★★★★ Out in the open, the clarity was a bit punishing. Noise seemed muffled, the colors bleached out. The side street was tranquilizingly dark and breezy; the avenues piercingly hot. Just inside the Park, liquid birdsong flowed. A sparrow ate a Cheerio in the shade of a parked stroller, crunching it with sharp, predatory strokes of its beak. Indoors, a small and active fly had ridden the fresh air currents through the window, and the relative dimness made it all but impossible to pick out and track. The once-empty blue sky acquired a few ribbons and dotted clusters of white. A hot eddy lifted and spun some sidewalk garbage. Heavy-duty squirt guns took up positions around the playground; a boy in a wheelchair, injured leg elevated, carried one across his lap while another boy pushed him in and out of combat. Even in the benevolently shadowed end of afternoon, the unfiltered sun was harsh wherever it reached. The heat from the kitchen stove, combining with the late-day sun load, was overwhelming. The air conditioning had to come back on.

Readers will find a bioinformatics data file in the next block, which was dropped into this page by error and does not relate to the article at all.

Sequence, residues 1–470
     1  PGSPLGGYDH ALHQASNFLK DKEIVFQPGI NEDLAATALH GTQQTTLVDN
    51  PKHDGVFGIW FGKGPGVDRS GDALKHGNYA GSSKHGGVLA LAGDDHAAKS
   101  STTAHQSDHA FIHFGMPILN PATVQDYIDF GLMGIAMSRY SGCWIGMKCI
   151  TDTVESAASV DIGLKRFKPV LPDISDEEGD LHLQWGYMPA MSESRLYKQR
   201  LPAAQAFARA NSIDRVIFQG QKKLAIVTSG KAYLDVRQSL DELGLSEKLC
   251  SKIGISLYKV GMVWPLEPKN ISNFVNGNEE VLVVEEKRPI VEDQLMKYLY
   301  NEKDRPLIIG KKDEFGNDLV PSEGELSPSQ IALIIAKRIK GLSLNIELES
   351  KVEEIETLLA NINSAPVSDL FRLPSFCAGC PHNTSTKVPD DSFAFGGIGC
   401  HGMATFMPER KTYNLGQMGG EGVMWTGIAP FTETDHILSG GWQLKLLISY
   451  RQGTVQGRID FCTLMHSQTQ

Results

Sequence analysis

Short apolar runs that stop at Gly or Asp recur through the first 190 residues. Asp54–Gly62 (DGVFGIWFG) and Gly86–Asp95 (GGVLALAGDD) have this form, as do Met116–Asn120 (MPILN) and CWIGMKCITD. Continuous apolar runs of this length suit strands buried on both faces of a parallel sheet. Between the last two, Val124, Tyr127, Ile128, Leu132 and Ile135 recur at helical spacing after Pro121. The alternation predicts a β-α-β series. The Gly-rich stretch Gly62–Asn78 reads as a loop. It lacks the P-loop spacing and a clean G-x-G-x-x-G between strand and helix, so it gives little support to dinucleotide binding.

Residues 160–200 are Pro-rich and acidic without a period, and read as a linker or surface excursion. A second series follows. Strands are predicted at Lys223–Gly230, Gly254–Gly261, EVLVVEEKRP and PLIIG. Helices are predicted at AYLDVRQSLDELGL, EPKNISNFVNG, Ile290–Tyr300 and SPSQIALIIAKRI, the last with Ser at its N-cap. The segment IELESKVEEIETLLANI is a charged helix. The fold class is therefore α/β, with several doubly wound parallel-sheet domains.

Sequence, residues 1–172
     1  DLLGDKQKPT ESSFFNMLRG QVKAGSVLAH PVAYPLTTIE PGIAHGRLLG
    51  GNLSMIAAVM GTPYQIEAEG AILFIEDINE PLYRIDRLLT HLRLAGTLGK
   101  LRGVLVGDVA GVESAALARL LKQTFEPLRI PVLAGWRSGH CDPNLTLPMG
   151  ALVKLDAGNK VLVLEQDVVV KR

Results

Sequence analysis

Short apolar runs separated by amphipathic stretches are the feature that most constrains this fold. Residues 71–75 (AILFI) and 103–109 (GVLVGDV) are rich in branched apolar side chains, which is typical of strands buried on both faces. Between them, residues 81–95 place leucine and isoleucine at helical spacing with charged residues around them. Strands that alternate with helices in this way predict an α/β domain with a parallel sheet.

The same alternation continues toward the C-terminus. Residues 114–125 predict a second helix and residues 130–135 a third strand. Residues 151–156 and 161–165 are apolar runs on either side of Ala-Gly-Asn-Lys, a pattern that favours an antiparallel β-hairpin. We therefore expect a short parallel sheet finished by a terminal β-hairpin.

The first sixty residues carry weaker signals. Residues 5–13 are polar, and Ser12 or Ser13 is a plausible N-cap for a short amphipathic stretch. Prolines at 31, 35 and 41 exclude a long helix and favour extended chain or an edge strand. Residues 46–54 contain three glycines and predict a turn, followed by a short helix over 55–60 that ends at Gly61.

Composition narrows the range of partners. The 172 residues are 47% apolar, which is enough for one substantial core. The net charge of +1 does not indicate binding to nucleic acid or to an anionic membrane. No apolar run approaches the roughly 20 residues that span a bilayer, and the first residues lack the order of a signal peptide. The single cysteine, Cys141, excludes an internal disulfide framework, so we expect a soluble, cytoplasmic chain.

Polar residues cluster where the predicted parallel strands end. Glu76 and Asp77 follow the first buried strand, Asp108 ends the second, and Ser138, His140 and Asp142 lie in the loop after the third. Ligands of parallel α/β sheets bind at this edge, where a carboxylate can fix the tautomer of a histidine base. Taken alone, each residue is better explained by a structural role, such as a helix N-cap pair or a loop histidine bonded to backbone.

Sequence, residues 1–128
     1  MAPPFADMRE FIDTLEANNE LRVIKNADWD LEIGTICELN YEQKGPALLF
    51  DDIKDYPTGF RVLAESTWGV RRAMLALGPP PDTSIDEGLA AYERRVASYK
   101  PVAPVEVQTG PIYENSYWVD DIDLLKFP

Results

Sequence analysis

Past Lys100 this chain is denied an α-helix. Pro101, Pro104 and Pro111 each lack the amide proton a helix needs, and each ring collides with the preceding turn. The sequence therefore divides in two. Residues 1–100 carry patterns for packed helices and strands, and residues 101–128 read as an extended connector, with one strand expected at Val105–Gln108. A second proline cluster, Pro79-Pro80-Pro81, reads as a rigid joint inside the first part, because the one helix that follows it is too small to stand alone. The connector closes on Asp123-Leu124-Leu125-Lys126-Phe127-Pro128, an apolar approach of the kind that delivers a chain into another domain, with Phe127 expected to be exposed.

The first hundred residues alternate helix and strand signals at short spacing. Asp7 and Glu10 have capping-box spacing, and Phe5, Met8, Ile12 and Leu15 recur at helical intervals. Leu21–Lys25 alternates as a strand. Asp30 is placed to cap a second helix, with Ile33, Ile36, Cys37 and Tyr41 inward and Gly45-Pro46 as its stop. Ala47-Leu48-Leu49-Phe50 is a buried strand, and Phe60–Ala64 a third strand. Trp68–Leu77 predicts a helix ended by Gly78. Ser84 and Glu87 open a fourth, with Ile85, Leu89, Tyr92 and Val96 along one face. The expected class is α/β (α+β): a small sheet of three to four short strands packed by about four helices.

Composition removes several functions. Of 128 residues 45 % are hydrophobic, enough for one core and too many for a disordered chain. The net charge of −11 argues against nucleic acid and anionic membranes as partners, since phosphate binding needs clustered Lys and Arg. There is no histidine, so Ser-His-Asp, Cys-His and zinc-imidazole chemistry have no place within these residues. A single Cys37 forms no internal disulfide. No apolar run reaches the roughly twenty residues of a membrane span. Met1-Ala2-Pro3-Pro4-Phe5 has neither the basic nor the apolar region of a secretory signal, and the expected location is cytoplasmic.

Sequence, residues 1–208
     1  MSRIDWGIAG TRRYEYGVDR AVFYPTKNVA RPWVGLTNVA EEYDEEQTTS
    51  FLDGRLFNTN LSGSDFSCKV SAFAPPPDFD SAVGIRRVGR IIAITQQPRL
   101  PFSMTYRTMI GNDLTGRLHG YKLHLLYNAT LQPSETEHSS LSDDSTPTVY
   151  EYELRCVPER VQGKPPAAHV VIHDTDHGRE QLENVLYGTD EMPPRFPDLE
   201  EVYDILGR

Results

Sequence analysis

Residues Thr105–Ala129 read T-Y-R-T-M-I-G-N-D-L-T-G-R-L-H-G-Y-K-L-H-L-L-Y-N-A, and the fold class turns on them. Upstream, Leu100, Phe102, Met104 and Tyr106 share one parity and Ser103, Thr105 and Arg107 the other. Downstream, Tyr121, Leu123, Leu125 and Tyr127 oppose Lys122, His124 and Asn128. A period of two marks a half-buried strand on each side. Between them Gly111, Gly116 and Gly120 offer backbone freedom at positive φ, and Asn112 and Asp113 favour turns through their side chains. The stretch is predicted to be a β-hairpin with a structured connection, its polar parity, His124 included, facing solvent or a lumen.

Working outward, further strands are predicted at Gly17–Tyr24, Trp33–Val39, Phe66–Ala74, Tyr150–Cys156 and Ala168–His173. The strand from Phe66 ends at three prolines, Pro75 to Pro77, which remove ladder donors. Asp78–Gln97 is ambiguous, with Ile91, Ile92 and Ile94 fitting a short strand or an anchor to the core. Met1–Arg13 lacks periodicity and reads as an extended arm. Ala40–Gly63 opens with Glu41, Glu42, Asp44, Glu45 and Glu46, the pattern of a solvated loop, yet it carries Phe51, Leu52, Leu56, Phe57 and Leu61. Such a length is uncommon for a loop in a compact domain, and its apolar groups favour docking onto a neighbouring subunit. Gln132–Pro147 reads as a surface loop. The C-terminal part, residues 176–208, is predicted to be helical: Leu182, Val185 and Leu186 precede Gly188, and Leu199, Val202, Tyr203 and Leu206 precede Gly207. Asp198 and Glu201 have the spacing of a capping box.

New York City, July 2, 2014